IMB missionary Jerry Robertson, who recently left Ivory Coast and is now in Ghana, said, “The people in Abidjan are going to start starving soon. People outside the city who farm will be OK, but pretty soon the people in the city are going to be starving.”

Dominique Dah, pastor of Treichville Baptist Church in Abidjan, Ivory Coast’s capital, said people are arriving off the street seeking assistance. Food is scarce, he said, and people are having problems accessing their money from local banks. The church is located six miles from the troubled areas of the city.

Members of Baptist churches throughout Ivory Coast continue to “meet, fast and pray,” Robertson said. “The Baptist churches I know have a big emphasis on prayer. They don’t have vast numbers, and they’ve seen mass demonstrations just get people killed. They believe the resolution has got to come through prayer.”

The situation creates a crisis for international relief agencies, since funding to assist the refugees is alarmingly low, relief officials say. “The situation in Ivory Coast is one of the forgotten crises going on in the world, with the U.N. begging for funding,” said Mark Hatfield, Baptist Global Response director for Sub-Saharan Africa. “I think they have received somewhere in the ballpark of 25 percent of their requests for funds. They are seeing the number of people fleeing troubled areas grow daily.”

Hatfield described the situation as “one of those manmade disasters that many people write off as just another African political crisis.” He indicated that a BGR assessment team would be needed to decide what kind of response might be called for from Southern Baptists.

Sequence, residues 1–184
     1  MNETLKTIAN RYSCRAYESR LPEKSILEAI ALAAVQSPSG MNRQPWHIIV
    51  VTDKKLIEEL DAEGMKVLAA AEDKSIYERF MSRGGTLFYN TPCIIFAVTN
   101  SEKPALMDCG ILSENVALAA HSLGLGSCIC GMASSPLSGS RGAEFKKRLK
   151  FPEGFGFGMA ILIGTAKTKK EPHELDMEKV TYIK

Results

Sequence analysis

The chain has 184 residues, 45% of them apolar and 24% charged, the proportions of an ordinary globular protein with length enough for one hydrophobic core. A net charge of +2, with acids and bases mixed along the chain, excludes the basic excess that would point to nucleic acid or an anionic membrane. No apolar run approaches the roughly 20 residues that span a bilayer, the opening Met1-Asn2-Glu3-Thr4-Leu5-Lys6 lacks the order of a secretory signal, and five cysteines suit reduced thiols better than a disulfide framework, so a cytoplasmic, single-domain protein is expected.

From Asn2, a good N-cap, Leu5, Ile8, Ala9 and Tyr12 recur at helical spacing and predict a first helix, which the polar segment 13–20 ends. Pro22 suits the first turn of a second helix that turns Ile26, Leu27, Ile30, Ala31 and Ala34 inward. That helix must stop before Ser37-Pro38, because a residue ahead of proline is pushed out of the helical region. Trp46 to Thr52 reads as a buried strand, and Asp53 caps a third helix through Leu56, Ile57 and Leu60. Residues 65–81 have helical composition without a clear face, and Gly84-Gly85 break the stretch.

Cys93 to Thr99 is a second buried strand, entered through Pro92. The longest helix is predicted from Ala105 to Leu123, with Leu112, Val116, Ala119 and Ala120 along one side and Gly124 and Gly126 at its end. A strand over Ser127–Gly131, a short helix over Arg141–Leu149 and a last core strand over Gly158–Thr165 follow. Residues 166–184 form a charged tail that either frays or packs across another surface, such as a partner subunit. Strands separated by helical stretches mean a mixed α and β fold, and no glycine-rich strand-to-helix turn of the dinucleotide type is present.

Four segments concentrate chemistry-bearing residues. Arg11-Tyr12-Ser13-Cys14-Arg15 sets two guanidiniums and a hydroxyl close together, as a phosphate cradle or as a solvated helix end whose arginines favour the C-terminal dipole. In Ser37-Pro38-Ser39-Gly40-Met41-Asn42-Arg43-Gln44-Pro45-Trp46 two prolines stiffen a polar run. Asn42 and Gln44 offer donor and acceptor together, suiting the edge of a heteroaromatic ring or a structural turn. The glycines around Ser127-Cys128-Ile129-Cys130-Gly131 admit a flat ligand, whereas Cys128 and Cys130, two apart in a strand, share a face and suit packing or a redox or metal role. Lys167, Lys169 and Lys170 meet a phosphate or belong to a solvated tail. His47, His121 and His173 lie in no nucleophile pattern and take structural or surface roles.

If BGR were to help provide relief, there would need to be Southern Baptist personnel on the ground to coordinate the efforts, Hatfield said.

Among the humanitarian crises unfolding in Ivory Coast, 30,000 people are trapped in a Catholic church compound in the southwestern town of Duekoue after fleeing clashes between opposing armies, according to the BBC. Many arrived at the compound with gunshot wounds, and a majority of those seeking refuge are migrants from nearby countries who have been working in Ivory Coast, the BBC reported.

Ivory Coast’s president-elect, Alassane Ouattara, asked the U.N. in late March to provide “legitimate force” to protect civilians, saying his opponent, Laurent Gbagbo, has unleashed his army on the country’s population. This followed a mortar attack conducted by Gbagbo forces that killed 25 people in Abidjan.